When the Civil War broke out in Russia after the 1917 Bolshevik revolution, the United States, together with its European partners, launched the Archangel campaign by deploying troops near Murmansk in 1918. Subsequently, military intervention began to support the White Guard that had entrenched itself in northern Russia in the fight against the new Soviet power. Having withstood this military intervention, the Soviets realized that the Arctic Ocean, which had long been regarded as reliable safeguard for national defense, could be as vulnerable as other areas. These considerations made the Northern Fleet the most powerful branch of the Russian Navy in terms of size and capability.

During World War II, the United States and Russia were allies in the anti-Nazi coalition. In addition to opening the Western Front, the allies used the advantages of the Northern Sea Route to deliver strategic materials and military equipment (fuel and lubricants, ammunition and armored vehicles) to northern ports of the Soviet Union. The Arctic water routes running a sufficient distance from the main battlefields proved to be effective and relatively safe for military convoys and wartime logistics.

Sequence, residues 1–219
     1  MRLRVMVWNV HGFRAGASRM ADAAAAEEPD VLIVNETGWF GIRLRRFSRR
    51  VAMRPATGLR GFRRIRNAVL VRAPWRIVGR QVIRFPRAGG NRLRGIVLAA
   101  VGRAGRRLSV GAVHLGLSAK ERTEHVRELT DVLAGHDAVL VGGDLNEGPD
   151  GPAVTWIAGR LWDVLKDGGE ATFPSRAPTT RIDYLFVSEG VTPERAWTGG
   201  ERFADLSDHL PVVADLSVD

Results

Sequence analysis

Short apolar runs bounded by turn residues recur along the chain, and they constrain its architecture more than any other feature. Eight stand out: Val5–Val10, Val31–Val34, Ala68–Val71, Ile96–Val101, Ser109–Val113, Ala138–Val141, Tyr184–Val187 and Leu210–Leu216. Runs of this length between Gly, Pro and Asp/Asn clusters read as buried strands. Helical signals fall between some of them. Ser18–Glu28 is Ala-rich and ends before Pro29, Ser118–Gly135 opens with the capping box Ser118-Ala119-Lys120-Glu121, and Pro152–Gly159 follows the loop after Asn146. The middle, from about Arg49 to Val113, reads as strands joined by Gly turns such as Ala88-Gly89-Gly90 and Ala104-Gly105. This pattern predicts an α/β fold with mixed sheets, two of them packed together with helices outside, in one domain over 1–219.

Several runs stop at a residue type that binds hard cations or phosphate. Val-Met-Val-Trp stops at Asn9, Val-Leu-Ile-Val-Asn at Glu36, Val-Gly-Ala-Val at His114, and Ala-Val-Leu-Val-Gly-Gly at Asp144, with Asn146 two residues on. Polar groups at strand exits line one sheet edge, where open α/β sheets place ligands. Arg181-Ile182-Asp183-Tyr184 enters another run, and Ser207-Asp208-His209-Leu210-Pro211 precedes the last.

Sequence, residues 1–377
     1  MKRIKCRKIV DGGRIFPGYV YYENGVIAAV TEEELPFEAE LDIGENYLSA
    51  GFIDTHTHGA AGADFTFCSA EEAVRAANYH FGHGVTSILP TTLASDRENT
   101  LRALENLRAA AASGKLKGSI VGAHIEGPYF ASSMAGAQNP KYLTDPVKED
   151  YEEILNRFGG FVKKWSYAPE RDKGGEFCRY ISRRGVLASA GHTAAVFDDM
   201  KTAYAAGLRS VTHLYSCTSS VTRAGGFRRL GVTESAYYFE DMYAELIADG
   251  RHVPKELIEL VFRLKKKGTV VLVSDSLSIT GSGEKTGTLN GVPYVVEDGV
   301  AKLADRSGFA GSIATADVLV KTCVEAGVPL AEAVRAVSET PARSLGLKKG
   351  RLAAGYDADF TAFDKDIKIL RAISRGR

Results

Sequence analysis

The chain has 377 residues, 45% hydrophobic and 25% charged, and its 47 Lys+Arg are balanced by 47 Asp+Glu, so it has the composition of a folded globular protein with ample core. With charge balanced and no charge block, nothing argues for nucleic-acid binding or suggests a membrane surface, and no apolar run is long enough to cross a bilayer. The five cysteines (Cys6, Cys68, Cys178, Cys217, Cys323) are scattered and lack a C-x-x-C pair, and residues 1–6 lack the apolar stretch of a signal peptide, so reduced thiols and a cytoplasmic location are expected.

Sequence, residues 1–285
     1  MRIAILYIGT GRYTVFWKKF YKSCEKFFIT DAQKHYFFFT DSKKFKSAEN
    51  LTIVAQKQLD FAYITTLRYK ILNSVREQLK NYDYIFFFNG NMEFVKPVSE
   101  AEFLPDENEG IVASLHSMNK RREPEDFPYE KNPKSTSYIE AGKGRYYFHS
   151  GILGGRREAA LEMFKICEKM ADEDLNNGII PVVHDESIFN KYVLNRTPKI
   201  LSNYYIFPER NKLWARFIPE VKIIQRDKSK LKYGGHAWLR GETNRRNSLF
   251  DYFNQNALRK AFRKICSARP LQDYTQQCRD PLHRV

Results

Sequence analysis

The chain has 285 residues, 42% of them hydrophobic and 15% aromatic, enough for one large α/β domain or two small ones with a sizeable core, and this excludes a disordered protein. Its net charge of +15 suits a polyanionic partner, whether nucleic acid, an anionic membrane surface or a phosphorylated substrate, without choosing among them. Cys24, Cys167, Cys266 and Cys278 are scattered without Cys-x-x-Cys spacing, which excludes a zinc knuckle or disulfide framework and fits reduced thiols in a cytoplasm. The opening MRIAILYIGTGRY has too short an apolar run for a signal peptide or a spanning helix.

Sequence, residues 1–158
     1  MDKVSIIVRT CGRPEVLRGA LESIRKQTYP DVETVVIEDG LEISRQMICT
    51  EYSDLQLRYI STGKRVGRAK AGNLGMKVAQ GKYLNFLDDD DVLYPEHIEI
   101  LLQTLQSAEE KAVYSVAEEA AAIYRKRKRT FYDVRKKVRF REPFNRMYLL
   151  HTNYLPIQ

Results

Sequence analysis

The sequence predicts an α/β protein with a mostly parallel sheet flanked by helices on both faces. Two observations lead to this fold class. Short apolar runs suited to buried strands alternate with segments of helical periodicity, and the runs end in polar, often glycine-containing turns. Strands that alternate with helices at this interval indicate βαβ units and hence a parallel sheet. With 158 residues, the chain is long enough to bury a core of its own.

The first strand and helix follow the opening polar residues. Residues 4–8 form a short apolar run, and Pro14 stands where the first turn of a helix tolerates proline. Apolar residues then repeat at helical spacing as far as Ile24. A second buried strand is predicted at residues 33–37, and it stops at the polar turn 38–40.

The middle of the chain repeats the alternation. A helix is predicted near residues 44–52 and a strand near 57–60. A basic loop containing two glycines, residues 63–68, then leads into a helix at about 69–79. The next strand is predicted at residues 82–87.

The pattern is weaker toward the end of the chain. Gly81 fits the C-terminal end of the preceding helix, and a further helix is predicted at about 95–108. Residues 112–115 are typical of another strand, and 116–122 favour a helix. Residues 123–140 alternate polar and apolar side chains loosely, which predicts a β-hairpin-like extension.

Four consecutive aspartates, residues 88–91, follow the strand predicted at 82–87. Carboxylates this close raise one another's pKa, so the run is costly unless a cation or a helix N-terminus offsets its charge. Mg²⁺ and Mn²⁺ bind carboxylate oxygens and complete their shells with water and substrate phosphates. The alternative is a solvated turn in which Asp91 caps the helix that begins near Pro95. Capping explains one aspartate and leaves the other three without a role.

However, as political and military tensions arose between the United States and the Soviet Union in the early years of the Cold War, the Artic, which accommodated key industrial enterprises that provided nuclear deterrence, took a strategic place in the confrontation between the two military blocs. Both powers deployed excessive capacities, ballistic missiles with nuclear strike capability, and strategic deterrence systems, including missile defense and early warning systems.